copyright IOActive, Inc. 2006, all rights
2008 and the new (old) nature of
Director of Penetration Testing
What a year!
Significant flaw found in DNS
– You might have heard about it
Pretty extensive simultaneous patching operation ensued
– Linux / ISC
– All released patches on July 8th
Expected patch rate: 50% of servers after a year
Achieved patch rate: ~66% after a few months
– Patch rate is higher in terms of actual users protected – not perfect, but
Do we need more?
I have never been a DNSSEC supporter.
I’ve been researching DNS for many years, and
I’ve been – at best – neutral about the technology.
– I just didn’t think it mattered, and the
engineering effort never seemed to be going
• What changed?
– Software engineering realities became too
obvious to ignore.
• DNS is the only real way to scale across organizational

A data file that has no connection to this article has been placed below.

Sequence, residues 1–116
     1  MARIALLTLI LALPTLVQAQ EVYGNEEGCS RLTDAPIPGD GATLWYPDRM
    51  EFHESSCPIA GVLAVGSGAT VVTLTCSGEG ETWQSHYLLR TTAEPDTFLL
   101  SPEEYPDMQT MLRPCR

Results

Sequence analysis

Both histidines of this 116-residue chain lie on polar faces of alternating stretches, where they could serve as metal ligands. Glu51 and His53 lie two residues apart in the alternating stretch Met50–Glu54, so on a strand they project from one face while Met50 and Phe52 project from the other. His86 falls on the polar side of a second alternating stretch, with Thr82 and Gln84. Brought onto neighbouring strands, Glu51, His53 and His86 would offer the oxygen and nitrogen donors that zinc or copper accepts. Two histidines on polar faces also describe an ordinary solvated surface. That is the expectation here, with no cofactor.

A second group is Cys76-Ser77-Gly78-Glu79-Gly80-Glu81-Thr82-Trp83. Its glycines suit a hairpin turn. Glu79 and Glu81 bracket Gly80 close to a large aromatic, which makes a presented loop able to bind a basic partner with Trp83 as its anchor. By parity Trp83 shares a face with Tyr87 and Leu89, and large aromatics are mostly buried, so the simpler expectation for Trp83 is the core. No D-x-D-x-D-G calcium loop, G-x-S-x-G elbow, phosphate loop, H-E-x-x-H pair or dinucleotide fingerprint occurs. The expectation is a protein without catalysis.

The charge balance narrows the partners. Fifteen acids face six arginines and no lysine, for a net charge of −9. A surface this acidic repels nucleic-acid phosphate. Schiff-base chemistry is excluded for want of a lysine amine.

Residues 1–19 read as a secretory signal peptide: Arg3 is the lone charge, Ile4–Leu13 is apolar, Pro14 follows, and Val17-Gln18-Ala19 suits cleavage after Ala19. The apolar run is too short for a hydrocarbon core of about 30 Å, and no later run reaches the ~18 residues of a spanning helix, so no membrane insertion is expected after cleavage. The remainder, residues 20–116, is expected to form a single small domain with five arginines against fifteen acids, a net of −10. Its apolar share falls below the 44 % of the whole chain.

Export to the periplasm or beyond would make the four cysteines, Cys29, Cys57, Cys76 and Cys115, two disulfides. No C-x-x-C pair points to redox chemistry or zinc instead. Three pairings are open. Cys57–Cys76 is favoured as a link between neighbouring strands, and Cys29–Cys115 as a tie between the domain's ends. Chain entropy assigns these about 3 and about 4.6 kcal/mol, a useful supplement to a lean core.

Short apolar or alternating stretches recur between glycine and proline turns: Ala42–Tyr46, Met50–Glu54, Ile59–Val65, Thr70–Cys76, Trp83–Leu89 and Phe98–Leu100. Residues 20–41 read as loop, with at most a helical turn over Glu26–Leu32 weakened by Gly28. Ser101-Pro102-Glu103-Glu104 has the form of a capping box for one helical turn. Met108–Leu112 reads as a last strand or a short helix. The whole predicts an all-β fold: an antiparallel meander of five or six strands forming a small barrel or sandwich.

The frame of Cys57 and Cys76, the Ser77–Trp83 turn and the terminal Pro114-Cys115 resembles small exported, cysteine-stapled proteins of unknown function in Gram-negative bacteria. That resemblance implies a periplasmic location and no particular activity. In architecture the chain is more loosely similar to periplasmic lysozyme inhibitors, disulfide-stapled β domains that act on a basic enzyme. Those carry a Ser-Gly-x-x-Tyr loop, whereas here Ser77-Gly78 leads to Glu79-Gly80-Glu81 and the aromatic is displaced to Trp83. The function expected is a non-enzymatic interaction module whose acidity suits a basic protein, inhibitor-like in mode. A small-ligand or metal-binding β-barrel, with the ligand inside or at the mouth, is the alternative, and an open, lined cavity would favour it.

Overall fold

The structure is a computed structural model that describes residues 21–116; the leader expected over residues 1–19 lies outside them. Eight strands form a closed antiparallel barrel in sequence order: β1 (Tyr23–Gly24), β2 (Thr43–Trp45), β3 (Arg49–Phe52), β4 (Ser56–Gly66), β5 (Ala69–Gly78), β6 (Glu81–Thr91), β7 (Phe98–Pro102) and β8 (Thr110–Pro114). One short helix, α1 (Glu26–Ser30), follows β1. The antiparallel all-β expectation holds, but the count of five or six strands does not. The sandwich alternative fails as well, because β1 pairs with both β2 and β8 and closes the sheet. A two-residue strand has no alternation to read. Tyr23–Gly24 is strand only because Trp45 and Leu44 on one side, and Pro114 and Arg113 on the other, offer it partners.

• Because DNS is insecure, its insecurity infects everything
that uses it.
• Because DNS is insecure, security technology refuses to
– Security technology appears thus to have trouble scaling
• DNS is thus the common cause of security issues, and our
inability to scalably fix them. Therefore, we need DNSSEC.
– But is anyone actually out there, exploiting DNS, so that
they can exploit all the things built on DNS?
Acute to Chronic
• We expected 50% patch rate after a year
• We got 66% patch rate after a month
– Higher, if you consider exposure by user
• The Internet survived
– It always survives, so that shouldn’t be too surprising
• But things aren’t perfect either
– There’s still a decent chunk of the network that can be
– Is anyone actually doing it?
• David Dagon, Manos Antonakakis, and Luo ‘Daniel’
Xiapu from Georgia Tech have been monitoring the
Attacks In The Real World
Attacks are happening.
It is difficult to detect poisoning attacks
– The evidence is written in disapp